How to make sense of GPU timing results?

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Martin Kuhnel
Martin Kuhnel on 7 Aug 2019
Commented: Joss Knight on 10 Aug 2019
I have a Matlab function that returns the wavefunction given a matrix w and vectors a, b, and v. The matrix is variable in size but at most 100x200 in which case a and v are 100x1 and b is 200x1
function wave = wave_fun(v, a, b, w)
wave = -(a.'*v)+sum(log(cosh(w.'*v+b)));
This function is quick but must be called up to a million times in the overarching algortihm so I would like to speed it up on a GPU. The first method I am trying is to just use gpuArray to put v, a, b, and w onto the GPU. They should be able to stay on the GPU throughout the overarching algorithm, so I should only need to do this once, not every time the function is called. For a second approach, I wrote a CUDA implementation of this code and loaded it as a kernel into Matlab. Now I am attempting to benchmark these methods but am getting some interesting results. The code is below:
N = 100;
M = 200;
dev = gpuDevice;
cudaname = '';
ptxname = 'wave.ptx';
kernel = parallel.gpu.CUDAKernel(ptxname,cudaname);
kernel.ThreadBlockSize = [kernel.MaxThreadsPerBlock,1,1];
kernel.GridSize = [1,1];
w_mat = make_w(N,M);
a_vec = make_a(N);
b_vec = make_b(M);
v_vec = rand(N,1);
for i = 1:N
if v_vec(i) > 0.5
v_vec(i) = 1;
v_vec(i) = -1;
wave_cpu = wave_fun(v_vec,a_vec,b_vec,w_mat);
cpu_time1 = toc
cpu_time2 = timeit(@() wave_fun(v_vec,a_vec,b_vec,w_mat))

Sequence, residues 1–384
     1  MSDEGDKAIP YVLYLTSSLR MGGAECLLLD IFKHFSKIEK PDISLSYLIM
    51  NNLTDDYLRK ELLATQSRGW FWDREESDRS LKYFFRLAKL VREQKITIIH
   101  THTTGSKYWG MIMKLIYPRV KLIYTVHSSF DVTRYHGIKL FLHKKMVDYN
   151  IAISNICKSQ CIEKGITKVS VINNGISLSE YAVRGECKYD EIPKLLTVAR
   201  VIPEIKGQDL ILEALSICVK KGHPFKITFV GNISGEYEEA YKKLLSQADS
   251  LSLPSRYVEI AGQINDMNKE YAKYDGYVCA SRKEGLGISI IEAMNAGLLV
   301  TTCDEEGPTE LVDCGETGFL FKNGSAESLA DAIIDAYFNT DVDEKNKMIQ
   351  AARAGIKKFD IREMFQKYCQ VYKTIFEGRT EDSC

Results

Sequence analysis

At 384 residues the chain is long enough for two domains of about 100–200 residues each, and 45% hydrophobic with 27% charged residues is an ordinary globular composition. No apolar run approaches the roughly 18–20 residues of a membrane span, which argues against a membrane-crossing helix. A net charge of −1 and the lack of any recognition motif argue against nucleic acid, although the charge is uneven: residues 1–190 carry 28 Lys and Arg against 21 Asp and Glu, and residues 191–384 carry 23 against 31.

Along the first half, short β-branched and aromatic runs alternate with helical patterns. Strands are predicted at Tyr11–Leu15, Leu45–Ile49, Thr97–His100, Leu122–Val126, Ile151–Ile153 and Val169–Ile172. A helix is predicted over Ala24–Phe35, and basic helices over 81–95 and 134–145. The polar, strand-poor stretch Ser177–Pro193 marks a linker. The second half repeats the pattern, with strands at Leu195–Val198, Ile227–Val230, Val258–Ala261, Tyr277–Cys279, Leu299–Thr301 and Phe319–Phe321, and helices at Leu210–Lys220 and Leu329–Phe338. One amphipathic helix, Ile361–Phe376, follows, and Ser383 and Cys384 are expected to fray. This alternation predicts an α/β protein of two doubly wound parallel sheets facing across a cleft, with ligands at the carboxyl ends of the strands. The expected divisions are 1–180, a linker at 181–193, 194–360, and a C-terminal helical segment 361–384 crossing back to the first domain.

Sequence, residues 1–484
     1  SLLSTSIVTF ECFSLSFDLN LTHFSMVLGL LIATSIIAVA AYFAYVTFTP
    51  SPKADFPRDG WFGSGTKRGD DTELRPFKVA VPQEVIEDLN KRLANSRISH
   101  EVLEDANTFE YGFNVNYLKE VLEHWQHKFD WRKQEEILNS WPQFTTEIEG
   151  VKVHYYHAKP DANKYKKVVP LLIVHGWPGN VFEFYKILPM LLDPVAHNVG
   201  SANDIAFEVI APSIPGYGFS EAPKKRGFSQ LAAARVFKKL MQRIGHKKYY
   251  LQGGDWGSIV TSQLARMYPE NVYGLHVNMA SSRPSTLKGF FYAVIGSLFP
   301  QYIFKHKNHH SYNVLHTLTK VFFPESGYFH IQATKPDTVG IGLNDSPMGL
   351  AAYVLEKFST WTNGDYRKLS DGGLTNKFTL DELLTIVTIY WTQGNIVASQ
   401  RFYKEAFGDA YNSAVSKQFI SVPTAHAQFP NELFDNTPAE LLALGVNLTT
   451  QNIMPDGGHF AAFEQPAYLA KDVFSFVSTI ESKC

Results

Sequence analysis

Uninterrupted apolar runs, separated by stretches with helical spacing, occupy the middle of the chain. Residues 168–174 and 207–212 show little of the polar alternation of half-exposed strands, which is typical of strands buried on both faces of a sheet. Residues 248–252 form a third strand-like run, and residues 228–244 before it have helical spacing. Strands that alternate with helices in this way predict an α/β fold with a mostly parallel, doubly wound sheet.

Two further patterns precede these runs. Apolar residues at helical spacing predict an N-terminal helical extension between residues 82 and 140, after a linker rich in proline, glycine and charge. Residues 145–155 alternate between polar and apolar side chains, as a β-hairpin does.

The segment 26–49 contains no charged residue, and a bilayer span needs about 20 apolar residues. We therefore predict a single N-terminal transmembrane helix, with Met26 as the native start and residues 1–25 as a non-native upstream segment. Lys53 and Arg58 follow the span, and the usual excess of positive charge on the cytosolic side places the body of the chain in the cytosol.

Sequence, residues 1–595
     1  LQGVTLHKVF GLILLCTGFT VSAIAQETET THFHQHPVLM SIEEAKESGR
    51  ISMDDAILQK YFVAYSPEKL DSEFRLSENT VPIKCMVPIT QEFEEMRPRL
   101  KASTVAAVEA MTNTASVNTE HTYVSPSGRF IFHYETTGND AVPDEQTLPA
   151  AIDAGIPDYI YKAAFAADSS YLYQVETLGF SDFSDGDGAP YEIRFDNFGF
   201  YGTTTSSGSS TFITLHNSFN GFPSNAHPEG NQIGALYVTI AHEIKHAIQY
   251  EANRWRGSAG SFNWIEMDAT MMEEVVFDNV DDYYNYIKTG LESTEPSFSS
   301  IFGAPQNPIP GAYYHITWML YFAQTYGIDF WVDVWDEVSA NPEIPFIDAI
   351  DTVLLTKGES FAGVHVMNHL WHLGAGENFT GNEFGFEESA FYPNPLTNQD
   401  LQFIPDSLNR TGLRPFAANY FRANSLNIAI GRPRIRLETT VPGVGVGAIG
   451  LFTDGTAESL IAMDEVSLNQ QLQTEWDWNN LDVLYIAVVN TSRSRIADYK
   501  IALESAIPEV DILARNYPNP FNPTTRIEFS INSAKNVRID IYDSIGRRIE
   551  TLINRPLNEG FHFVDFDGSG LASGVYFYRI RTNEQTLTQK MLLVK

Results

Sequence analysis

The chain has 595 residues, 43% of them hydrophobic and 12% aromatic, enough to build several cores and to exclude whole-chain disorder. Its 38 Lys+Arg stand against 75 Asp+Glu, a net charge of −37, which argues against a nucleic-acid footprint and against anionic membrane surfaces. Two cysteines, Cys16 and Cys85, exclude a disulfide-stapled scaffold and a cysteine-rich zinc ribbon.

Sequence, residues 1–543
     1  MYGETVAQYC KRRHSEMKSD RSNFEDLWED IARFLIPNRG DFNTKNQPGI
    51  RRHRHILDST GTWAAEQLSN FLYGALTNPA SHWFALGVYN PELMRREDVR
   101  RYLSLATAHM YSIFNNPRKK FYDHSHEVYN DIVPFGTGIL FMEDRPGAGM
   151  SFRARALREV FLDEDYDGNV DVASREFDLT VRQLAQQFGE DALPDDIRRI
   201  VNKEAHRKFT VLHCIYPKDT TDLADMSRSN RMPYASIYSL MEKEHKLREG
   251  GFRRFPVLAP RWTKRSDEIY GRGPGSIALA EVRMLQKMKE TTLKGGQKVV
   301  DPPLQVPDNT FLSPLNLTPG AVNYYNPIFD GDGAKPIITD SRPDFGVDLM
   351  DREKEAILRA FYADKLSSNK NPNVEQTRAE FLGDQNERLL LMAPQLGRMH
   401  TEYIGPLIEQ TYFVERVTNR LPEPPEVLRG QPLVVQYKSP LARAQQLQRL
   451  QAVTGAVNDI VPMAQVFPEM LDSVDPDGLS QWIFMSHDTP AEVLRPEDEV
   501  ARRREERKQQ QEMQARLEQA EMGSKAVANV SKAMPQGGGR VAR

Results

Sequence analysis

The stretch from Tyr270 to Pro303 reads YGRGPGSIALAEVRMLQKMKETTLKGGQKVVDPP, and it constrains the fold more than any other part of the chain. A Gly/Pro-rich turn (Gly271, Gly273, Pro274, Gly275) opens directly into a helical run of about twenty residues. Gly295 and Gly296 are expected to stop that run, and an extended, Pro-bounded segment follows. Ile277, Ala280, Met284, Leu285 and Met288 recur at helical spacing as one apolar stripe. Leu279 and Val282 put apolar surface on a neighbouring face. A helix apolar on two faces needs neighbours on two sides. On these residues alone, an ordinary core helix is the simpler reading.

v_gpu = gpuArray(v_vec);
a_gpu = gpuArray(a_vec);
b_gpu = gpuArray(b_vec);
w_gpu = gpuArray(w_mat);
wave_gpu1 = wave_fun(v_gpu,a_gpu,b_gpu,w_gpu);
gpu1_time1 = toc
gpu1_time2 = gputimeit(@() wave_fun(v_gpu,a_gpu,b_gpu,w_gpu))
w_flat = reshape(w_mat,1,[]);
wr_gpu = gpuArray(real(w_flat));
ar_gpu = gpuArray(real(a_vec).');
br_gpu = gpuArray(real(b_vec).');
wi_gpu = gpuArray(imag(w_flat));
ai_gpu = gpuArray(imag(a_vec).');
bi_gpu = gpuArray(imag(b_vec).');
v_gpu2 = gpuArray(v_vec.');
wave_gpu2 = zeros(1,2,'gpuArray');
wave_gpu2 = feval(kernel,wave_gpu2,v_gpu2,ar_gpu,ai_gpu,br_gpu,bi_gpu,wr_gpu,wi_gpu,N,M);
gpu2_time1 = toc
gpu2_time2 = gputimeit(@() feval(kernel,wave_gpu2,v_gpu2,ar_gpu,ai_gpu,br_gpu,bi_gpu,wr_gpu,wi_gpu,N,M))
On the NIVIDIA Quadro M4000, I get these results:
cpu_time1 =
cpu_time2 =
gpu1_time1 =
gpu1_time2 =
gpu2_time1 =
gpu2_time2 =
These results are quite shocking to me and have left me with a few questions:
  1. The timeit results are consistently faster which makes sense given they are optimized for getting good timings on individual timings, but which time should I expect to achieve in my code? For example, if I call this function within a for loop with different inputs each time, should I assume the average time to be closer to the tic toc time or the timeit time? It is quite a big difference!
  2. How is it that the first gpuArray approach is so slow? The time taken to put the matrix and vectors into the GPU is not even included in the time, but yet it is much slower than the CPU. Even the timeit time is slightly longer. Is there a good reason for this?
  3. What is the best option here? The CUDA version managed to get a faster tic toc time but slower timeit time. I guess this goes back to question 1.
Any help is greatly appreciated! Thank you!
Joss Knight
Joss Knight on 10 Aug 2019
In answer to your question, the only way to know what the fastest technique is for your workflow is to time your actual workflow. timeit is representative for code that is used repeatedly. But if your sizes are constantly changing, your simple test will not capture the extra overheads that will incur.

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